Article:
Apparently I’m not the only person in town who shuns the surface parking lot as a soul-deadening blot on the landscape — or who thinks it’s not exactly the highest use of God’s tundra.
Among the throngs of candidates vying for public office in Minneapolis this election cycle are at least two who — in contrast to Ronald Reagan (“Tear down this wall, Mr. Gorbachev!) — want to see some walls go up. They are mayoral candidate Jackie Cherryhomes, former City Council president (1989-2001), and Diane Hofstede, who is battling a challenger to keep her 3rd Ward council seat.
At a recent debate, Cherryhomes said that as mayor, she would do something to make sure that some of downtown’s 120 surface parking lots get developed. I think there may be as many as 140, but the final count doesn’t matter. They stretch like ugly fungi next to or across from some of the city’s proudest buildings — the Cowles Center and the Central Library, to name two. Likewise, in a recent mailing, Hofstede says she’s for “proposed new residences and businesses to replace surface parking lots.”
I am totally with these ladies. Hofstede’s vision seems to be rather limited; she’s for projects already in the works, such as the Wells Fargo office and residential complex in the Downtown East neighborhood that would, one hopes, complement the new Vikings stadium, assuming that the Wilfs and the Wellses don’t bug out on us.
Cherryhomes, however, has a more expansive approach. She wants to see new buildings rising from the blacktops. Obviously, that can’t happen with the wave of a magic wand.
“I don’t have any specific ideas,” she says. “The real challenges are legacy lots.” By those, she means lots handed down among families that produce a lot of cash flow. “We have to convince those people that they don’t need to own those anymore.” The problem needs a lot of analysis, she adds.
She was happy to hear when I told her that the analysis was done. HR&A Advisors, a consulting group, had recently completed a $40,000 study (PDF), which by the way, focuses on Downtown East — the neighborhood most plagued with lot fungus — for the city’s department of Community Planning and Economic Development (CPED); Cherryhomes didn’t seem put off by the fact that it was 84 pages long. (Would-be mayors, I guess, are gluttons for work.)
Anyway, the analysis makes it obvious that transforming parking lots into buildings will be a tough task; the financial incentives just aren’t there — at least not yet.
The study divides owners into three groups:
• First, there’s the legacy group of individual owners Cherryhomes spoke of. They have no incentive to sell their land unless it fetches a whopping price because their return (from parking fees) is so high right now. And even if they were tempted to sell, there would be no place to invest their wad that would produce a comparable return. Money market funds or bank accounts? Somehow 0.2 percent per year doesn’t cut it. The stock market might work, but, unlike a downtown parking lot, it’s risky and volatile. And, because the city has put a damper on new surface parking lots, these owners can’t just buy or create a new lucrative lot elsewhere. So they hang on.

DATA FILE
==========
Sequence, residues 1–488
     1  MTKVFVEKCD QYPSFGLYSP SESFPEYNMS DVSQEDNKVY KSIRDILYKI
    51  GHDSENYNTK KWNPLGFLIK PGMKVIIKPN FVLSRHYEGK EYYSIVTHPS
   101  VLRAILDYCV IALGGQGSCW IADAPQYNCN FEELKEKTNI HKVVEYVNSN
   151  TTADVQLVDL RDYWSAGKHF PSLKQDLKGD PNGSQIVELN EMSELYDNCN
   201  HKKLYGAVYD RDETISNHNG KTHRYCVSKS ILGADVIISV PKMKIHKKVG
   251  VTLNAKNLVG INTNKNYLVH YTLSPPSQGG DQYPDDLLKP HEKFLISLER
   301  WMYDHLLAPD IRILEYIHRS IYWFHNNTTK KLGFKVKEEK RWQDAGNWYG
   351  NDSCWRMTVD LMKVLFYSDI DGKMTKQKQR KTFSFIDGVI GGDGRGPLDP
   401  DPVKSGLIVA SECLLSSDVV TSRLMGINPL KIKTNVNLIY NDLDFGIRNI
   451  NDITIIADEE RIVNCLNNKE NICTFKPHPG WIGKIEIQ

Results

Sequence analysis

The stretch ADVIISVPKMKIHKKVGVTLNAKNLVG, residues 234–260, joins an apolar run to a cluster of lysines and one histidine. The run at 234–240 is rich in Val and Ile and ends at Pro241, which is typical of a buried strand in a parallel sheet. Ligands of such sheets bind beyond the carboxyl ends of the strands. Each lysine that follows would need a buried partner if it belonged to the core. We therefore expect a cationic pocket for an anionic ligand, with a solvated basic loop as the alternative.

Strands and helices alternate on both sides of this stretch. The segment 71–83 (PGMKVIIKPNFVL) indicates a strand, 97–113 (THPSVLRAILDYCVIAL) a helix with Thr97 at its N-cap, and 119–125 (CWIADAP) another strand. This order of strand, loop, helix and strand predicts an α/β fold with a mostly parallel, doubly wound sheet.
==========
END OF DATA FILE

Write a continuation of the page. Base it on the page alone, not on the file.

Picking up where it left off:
• The second group is made up of employers, and their parking lot is a perk they give to their staffers. They could sell off their land to a developer, but that would mean either infuriating their workers or finding them new parking elsewhere without significantly upping their expenses.
• Developers themselves are the third group. They bought land in hopes that someday it would be worth building something on. As long as the money they collect from parking fees is enough to pay the property taxes and interest on their loans, they’re satisfied. So what are these guys waiting for? Well, they told HR&A in interviews that the Hennepin County buildings and Medical Center and lack of neighborhood amenities have held them back. Oh, and there are too many parking lots, separating Downtown East from the rest of the city.
The report offers several complicated solutions to this problem, but I will boil them down into two categories for you: pleasure and pain.
With pleasure, the city offers developers incentives to build — tax rebates, tax incentives, outright grants and so on, a la Block E. Sometimes such programs work; sometimes they produce white elephants. Or on the “build-it-and-they-will-come” theory, the city creates amenities, like transit and parks that people want to be near. Of course, that takes years and years to show an effect, and the results are also iffy, although Rome wasn’t … you know.
Then there’s pain. The city could hike parking lot owners’ taxes, although the report’s authors suspect that they would merely pass the extra cost of doing business along to their customers. HR&A put some faith in a city effort to enforce its parking lot landscaping ordinances more strictly than it has in the past. For example, lots are supposed to be screened with a specified number of trees. Trees take up space, actually spaces — parking spaces, reducing revenue. If revenues are reduced, parking lots will cease to be quite as lucrative, and selling might start to look like a better deal.
Smart candidates don’t generally speak about inflicting pain on their potential constituents; but if they mean to get stuff done, it should be at the back of their minds.